The Cold and Flu Catch 22
by Suzanne Dyer-Gear, MAS, SPHR

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Imagine going to work tomorrow morning only to find that one of your employees has come down with a nasty virus. They reported to work, but are at their desk or work area sneezing, coughing and looking pretty awful. What should we do? Praise them for coming to work sick, or send them home to bed until they get better? Tough call. We no doubt need them there to perform important duties, but at the same time we may feel badly for them because they’re miserable. Let’s even put aside our concern for their health for a minute. When deciding how to deal with employees who come to work sick, what’s the better business decision?

In many parts of the country, fall and winter means cold and flu season. If we run our own businesses, we might try our hardest to work despite illness, trying to “tough it out” until the virus runs its course. But what about our employees? Should we also encourage them to come to work when they’re ill?

Employee absenteeism is a big-ticket expense for many organizations. Sick pay (if it’s offered), lost productivity, and paying for a replacement worker, all add up to significant costs. One recent survey found that absenteeism costs companies over $700 per worker per year. Certainly we want our employees to come to work no matter what. Or do we?

We’ve probably all worked beside or had a meeting with someone who was obviously under the weather. Some of us may have even had the distinct pleasure of shaking the hand of a customer or client just after they’ve sneezed into it. And chances are many of us will experience the scenario described above when someone who works for us comes to work looking as if they should be hospitalized instead. As employers we may want and need to reduce absenteeism, but we may also wonder how many other workers our loyal employees have infected by coming to work when they’re sick.

And herein lies the Catch 22. Is it more advantageous to have employees who are truly sick and infectious stay home until they get better? How much work do employees who feel horrible really accomplish in a day? Would a cost-benefit analysis find that our companies in reality lose more productivity by having several people sick after being exposed to “typhoid Mark or Mary” while at work?

While we ponder our decision of how to handle these employees, we can try to help our employees from becoming ill in the first place. Some things we can do to try to prevent our workplaces from becoming breeding grounds for viruses include:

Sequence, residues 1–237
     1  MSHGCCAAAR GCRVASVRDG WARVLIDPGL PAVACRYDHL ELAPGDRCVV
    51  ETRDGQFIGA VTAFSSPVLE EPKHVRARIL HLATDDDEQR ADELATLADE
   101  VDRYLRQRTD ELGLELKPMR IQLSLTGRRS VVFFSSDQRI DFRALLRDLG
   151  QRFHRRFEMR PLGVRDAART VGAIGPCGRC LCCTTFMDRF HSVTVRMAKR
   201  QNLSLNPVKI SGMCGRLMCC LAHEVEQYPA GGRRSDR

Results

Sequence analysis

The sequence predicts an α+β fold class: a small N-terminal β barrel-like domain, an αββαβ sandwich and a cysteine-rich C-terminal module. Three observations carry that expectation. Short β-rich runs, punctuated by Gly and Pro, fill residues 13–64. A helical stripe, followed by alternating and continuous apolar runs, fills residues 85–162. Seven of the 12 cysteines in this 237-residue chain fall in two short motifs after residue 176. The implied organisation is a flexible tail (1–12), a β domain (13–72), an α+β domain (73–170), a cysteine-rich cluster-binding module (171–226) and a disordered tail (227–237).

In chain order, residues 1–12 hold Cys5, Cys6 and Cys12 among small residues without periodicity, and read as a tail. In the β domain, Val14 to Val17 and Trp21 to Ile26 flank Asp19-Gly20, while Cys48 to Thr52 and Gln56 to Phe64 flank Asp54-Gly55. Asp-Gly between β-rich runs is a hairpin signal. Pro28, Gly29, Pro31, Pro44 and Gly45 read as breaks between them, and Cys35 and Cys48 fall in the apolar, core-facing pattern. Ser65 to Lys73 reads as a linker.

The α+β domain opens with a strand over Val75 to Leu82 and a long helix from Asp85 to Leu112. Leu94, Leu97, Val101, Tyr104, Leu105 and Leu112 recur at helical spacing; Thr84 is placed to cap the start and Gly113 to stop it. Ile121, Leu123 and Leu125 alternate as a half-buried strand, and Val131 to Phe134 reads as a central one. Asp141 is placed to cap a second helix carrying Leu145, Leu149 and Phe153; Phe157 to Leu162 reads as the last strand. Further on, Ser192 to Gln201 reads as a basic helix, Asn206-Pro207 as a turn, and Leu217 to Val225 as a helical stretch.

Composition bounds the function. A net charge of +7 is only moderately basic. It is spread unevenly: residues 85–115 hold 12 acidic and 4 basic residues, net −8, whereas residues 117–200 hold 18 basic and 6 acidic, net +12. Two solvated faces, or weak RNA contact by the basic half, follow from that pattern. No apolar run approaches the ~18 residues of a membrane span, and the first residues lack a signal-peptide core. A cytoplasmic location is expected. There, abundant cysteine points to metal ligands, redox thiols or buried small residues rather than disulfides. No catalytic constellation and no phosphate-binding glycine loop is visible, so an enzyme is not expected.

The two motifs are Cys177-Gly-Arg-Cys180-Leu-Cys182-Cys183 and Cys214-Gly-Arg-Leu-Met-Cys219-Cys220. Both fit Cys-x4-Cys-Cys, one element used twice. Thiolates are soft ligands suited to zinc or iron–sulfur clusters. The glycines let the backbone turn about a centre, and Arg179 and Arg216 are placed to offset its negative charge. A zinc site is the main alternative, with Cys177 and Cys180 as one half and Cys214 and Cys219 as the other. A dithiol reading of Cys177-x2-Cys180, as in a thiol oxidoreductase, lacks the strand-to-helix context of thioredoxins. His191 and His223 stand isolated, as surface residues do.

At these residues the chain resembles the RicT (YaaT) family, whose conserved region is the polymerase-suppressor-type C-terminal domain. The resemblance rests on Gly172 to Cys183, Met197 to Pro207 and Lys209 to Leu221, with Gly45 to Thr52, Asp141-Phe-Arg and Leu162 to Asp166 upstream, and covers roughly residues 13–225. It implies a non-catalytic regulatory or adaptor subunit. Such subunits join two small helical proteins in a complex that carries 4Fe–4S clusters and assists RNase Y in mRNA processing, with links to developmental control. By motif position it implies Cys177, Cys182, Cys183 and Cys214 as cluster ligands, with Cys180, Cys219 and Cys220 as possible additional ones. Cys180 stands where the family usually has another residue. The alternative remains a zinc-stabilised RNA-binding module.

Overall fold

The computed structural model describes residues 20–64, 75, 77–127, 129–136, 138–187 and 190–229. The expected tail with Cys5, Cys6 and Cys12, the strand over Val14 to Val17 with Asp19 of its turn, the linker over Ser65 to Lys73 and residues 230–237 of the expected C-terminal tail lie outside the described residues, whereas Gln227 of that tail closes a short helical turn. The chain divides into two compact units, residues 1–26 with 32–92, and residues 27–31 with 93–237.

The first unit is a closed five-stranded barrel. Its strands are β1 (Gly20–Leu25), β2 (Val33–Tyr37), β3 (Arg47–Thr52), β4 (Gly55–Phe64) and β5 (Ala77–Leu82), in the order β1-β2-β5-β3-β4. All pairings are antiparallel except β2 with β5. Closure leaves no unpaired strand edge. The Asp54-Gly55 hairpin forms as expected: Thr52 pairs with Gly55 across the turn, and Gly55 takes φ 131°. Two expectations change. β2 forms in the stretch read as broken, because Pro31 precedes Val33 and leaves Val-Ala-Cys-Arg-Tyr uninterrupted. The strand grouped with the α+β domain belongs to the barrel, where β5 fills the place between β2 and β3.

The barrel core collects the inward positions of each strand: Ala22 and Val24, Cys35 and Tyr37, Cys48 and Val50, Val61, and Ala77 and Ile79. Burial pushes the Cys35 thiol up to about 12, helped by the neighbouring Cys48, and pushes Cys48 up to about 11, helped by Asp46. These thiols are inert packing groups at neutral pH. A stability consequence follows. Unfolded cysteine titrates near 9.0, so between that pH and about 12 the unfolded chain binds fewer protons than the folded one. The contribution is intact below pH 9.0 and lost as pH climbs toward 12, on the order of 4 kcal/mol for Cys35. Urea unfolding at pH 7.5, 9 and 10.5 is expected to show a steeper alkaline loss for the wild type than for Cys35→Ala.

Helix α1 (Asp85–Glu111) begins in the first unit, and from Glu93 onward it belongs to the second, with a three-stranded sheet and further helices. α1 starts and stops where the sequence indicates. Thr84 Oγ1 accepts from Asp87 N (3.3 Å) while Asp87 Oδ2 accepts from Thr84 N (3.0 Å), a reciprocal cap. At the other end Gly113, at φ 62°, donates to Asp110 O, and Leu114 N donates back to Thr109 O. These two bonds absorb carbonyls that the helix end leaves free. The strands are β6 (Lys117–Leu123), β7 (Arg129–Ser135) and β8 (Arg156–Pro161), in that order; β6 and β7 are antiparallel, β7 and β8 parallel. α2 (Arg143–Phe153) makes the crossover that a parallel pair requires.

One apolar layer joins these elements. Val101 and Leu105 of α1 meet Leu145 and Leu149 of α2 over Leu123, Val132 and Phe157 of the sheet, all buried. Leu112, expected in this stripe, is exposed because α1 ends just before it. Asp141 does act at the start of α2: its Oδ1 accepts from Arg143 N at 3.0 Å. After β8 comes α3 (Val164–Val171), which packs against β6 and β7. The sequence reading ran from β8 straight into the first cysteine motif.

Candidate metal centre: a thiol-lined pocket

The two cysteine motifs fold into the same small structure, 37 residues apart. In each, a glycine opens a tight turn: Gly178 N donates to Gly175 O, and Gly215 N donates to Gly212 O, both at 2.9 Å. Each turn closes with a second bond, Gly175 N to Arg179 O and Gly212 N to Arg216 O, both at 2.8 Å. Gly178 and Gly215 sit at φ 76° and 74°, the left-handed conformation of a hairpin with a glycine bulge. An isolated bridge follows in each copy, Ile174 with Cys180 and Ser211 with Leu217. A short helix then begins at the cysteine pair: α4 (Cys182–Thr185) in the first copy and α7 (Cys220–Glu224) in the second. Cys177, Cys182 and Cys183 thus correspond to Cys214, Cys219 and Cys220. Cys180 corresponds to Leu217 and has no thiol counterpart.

1. Encourage your employees to get flu shots. Many organizations pick up the tab for the cost of the vaccine, and some have health care professionals come to the workplace to administer them, with no cost and minimal inconvenience to employees.
  2. Circulate health information to employees about cold and flu prevention. Include articles in company newsletters that describe ways to avoid illness. For instance, experts say that something as simple as frequent hand washing can significantly curb the spread of viruses in the workplace.
  3. Make our stance on the subject clear to employees. If we want them to stay home when they’re infectious, say so. Even more importantly, discourage backhanded insults like “Did you enjoy your vacation day?” when they return from an illness. Comments like this make it clear that despite what is formally said, it’s not okay to stay home from work sick.
  4. Lead by example. If we come down with a bug, staying home for a day and avoiding opportunities to infect the entire workforce may actually be the right business decision.
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With more than twenty years experience in Human Resources and Organizational Development, Suzanne Dyer-Gear has a proven track record of developing and implementing systems that significantly reduce costs while enhancing organizational and employee productivity and satisfaction. Suzanne is widely regarded as a dynamic trainer, having developed and delivered hundreds of seminars on more than 30 different management and H.R. topics, and has presented at national and international conferences. In addition to her consultation practice, Suzanne teaches both undergraduate and graduate level college courses on a number of Management, Leadership, Human Resources and Organizational Development topics. She has published over 70 articles in newspapers and trade magazines, and is currently working on her first book, ‘Lost Employees: How Good Organizations Lose Good People—While Still Employing Them’. This article is provided as general information, and is not intended to substitute for legal or other professional advice.

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